Hackernoon logoFrom Bootcamp Student to Startup Founder — Lessons Learned by@tomgoldenberg

From Bootcamp Student to Startup Founder — Lessons Learned

Tom Goldenberg Hacker Noon profile picture

@tomgoldenbergTom Goldenberg

Senior Engineer

I was recently asked to give a lightning talk to students at Dev Bootcamp. As a bootcamp grad myself, I took the opportunity to share some lessons I’ve learned on the path to becoming a startup founder.

These are tips that I have found helpful. Take them like a t-shirt — try them on, and only keep them if they fit. Not everything will be applicable in all situations, but I hope there are some useful takeaways for everyone.

1. Choosing a small company over a big company 👼😈

There are pros and cons for working at a startup. My brother and I both entered tech through a coding bootcamp and took divergent paths. He has worked for 2 of the top 5 tech companies (Google & Amazon), while I have worked exclusively at startups. It’s my belief that working at startups is the best preparation to starting your own. Why is that?

  • Breadth of learning — You will work with the entire stack of software development at a startup. A large company will likely constrain your usefulness.
  • Exposure to open source — Startups rely on open source technology. Large companies tend to use proprietary, in-house solutions. Open source will be available to use when you start a startup — proprietary tools will not.
  • IP ownership — It’s common for engineers at startups to have side-projects or compete in hackathons. That IP belongs to them, while large companies will enforce company ownership.

That said, you should also consider the positives of a large company — the brand, talent, and higher pay.

2. Negotiate based on fairness ⚖️

Software engineers are often ignorant about the business side of startups. This can make for awkward situations:

“Wait, you think I only deserve 10% equity? I would expect at least 80%!”

A pre-req to starting a startup is listening to founder stories or lectures that discuss equity negotiation. I have found the book Slicing Pie to be an excellent resource that puts fairness first. The goal should be that everyone feels fairly treated. Y Combinator also has some excellent resources for learning about equity and company formation.

3. Ask and ye shall receive 🙏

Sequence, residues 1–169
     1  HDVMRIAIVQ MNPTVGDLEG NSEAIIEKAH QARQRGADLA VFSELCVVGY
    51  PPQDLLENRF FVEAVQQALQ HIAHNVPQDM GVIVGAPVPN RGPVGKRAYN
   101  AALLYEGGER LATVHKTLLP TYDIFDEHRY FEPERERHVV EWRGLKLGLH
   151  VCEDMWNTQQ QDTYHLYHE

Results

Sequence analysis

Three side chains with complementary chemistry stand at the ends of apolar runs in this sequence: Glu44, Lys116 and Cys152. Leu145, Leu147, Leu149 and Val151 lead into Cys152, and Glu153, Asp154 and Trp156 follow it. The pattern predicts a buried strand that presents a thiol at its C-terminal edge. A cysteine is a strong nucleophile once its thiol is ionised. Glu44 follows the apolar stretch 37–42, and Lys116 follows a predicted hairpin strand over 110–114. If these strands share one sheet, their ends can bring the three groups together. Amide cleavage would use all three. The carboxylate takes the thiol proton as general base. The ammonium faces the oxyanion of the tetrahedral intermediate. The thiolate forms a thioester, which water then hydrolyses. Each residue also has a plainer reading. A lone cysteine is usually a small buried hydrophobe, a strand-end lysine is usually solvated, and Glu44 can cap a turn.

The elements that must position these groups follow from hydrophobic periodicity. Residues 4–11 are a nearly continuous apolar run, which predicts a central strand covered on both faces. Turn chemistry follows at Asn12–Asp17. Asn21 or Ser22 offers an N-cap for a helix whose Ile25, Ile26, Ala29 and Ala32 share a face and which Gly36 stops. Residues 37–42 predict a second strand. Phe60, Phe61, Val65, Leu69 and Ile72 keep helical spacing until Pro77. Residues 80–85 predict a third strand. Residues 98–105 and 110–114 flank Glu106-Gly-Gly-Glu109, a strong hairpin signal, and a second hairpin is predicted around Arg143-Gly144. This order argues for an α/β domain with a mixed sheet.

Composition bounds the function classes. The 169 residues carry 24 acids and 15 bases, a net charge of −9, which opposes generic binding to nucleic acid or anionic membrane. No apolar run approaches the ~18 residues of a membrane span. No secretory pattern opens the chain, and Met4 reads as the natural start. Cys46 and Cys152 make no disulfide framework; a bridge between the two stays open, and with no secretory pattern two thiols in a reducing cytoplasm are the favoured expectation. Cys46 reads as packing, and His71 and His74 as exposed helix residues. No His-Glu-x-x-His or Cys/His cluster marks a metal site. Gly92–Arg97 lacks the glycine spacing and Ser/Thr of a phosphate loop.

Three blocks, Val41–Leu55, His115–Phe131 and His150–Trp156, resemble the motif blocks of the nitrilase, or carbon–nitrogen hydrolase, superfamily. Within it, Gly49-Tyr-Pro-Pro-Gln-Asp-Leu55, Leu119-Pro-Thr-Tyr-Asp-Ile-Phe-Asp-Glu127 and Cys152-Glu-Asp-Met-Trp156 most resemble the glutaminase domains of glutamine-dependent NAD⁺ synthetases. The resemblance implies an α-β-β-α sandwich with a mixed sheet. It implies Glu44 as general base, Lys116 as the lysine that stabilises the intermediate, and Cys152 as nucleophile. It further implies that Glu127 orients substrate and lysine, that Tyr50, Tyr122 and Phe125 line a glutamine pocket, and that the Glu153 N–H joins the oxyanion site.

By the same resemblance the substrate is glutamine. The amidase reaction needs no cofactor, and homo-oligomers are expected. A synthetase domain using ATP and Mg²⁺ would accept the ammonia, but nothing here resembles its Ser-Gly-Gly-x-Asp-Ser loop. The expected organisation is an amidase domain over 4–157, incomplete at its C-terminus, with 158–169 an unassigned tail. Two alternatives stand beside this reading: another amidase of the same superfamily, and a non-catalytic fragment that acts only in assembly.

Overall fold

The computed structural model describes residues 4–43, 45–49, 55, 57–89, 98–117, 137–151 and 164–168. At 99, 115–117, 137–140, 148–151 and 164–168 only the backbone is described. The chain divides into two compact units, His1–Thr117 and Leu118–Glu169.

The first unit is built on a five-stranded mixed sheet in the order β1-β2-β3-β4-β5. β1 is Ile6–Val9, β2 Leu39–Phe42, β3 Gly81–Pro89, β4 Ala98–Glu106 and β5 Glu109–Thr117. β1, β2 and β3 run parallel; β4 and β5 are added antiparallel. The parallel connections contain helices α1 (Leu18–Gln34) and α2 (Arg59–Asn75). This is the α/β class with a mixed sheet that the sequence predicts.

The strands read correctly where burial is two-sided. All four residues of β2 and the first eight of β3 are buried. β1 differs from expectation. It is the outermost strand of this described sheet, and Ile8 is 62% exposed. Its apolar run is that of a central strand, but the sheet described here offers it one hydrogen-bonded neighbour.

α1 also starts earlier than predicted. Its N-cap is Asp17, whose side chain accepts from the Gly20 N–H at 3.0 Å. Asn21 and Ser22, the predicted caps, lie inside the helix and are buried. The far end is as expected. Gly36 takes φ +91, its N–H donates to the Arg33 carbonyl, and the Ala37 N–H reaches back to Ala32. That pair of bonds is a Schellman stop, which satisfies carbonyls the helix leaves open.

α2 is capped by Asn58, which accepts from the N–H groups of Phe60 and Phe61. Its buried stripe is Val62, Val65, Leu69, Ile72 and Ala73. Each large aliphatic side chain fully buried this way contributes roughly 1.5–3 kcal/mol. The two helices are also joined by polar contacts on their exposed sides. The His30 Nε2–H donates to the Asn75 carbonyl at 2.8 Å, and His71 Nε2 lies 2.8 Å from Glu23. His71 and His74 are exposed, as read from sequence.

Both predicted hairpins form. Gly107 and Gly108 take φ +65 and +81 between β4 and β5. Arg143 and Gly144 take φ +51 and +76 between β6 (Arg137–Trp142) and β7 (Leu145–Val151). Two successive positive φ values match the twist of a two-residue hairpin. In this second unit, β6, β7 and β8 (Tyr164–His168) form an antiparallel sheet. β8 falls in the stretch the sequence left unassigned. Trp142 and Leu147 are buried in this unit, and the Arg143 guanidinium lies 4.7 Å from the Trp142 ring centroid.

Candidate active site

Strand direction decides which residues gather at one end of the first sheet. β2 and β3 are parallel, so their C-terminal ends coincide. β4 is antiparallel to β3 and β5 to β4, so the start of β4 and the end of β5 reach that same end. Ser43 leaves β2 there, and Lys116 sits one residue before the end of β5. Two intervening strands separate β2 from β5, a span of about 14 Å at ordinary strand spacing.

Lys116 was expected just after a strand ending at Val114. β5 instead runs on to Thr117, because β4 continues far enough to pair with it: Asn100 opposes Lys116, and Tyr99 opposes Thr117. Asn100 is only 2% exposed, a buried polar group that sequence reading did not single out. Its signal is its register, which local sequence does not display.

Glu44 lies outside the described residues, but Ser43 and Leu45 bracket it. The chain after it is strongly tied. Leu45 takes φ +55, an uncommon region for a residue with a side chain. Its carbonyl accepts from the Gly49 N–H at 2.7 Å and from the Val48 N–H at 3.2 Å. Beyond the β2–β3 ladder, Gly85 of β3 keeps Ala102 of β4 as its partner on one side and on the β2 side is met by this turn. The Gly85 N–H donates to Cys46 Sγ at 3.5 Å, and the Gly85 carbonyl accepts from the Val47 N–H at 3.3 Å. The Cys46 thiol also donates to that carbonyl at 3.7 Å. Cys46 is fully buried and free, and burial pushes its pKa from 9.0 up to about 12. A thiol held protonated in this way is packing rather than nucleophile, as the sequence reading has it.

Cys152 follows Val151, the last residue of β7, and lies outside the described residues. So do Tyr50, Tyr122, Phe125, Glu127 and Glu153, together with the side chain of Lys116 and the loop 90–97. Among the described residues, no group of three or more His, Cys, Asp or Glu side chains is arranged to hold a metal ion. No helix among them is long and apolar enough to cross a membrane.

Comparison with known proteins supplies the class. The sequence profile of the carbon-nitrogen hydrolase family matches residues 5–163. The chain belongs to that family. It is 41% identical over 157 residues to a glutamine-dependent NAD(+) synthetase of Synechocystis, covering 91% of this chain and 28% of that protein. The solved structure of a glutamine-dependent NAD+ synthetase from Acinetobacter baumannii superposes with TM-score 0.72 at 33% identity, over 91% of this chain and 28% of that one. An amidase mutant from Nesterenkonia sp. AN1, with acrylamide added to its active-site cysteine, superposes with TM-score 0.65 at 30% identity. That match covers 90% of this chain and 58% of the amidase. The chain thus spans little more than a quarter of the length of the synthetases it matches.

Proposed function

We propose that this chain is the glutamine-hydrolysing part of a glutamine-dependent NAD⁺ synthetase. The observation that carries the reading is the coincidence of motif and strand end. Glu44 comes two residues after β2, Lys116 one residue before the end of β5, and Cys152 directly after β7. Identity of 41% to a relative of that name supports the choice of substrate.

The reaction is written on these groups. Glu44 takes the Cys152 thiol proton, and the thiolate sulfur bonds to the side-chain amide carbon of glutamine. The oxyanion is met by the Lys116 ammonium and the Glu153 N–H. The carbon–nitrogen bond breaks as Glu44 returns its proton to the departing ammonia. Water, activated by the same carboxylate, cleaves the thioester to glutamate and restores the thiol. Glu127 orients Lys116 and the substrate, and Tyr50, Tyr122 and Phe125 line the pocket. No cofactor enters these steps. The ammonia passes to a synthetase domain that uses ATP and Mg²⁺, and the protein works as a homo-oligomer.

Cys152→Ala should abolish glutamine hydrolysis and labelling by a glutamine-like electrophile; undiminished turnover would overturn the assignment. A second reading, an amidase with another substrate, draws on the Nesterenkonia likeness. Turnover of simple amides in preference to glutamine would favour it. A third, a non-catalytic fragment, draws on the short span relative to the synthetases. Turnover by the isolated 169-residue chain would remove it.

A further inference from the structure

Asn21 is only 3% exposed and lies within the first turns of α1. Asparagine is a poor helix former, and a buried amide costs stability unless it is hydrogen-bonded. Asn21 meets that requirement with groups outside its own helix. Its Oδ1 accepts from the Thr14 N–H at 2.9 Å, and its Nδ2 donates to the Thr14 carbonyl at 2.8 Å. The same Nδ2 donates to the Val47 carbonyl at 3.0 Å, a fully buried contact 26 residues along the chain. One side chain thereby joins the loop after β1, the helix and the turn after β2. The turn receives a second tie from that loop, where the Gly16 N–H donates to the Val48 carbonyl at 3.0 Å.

The tech and founder communities are aligned with the concept of “paying it forward.” If you approach founders for advice and show respect and an open mind, you will often get it.

That’s not to say that you’ll never be brushed aside or ignored. But I have gotten valuable mentorship from startup founders, many of whom I reached out to without an introduction. The flip side of this is that you should also be willing to give mentorship and advice to others.

4. Flex your social muscles 💪

The stereotype of engineers is that we are an awkward, shy breed. But the reality of startups is that partnerships are formed through social circles. A partnership requires trust. Without making social connections in the industry, it will be difficult to find a partner.

That said, don’t be “that guy” who goes to an event and slips his business card to every human being. Go to events that you are interested in and try to meet interesting people. It will pay off!

5. De-risk ventures 😓

The common conception of startups is that they are inherently risky, and this is true. When I decided to quit my job to co-found Commandiv, my wife was 3 months pregnant. We both were well aware of the risk.

But not all ventures are equally risk. And it is possible to mitigate the risk, or de-risk it. The first way is to not be in “stealth mode” but actively seek out feedback on your idea. Be open to criticism and seek it. If you try to make the idea fail and it still succeeds then you’re on to something.

Another way of de-risking is to keep your day job until certainty is reached. It was acceptance into a reputable accelerator that gave me the momentum to quit my job. When the fruit blossoms, the leaves fall away. You’ll know when it’s time to quit your day job.

6. Learn to negotiate from a position of weakness 👊

This is a quote from Antonio Garcia Martinez’s book Chaos Monkeys. No matter what your background, you will not have the best set of cards as a first-time founder. You will have to do more with less and learn to create opportunities from nothing.

That means working harder than everyone else and being stubborn — something my wife will tell you that I’m great at.

7. Eyes on the prize 👀

There is tremendous opportunity in technology and startups. But it is also a competitive market. You will have to be laser-focused and work harder and smarter than everyone else. That takes passion and energy.

Make sure that you really believe in what you’re building, that you feel the pain of the problem you’re solving. There will be times when your faith is put to the test. If being a founder is appealing because of the “perks,” then you’ll be in for a rude awakening.


These are a few of my thoughts on preparing to be a startup founder. What are yours? Any helpful tips for junior engineers interested in entrepreneurship? Let me know in the comments.

Follow @tomgoldenberg


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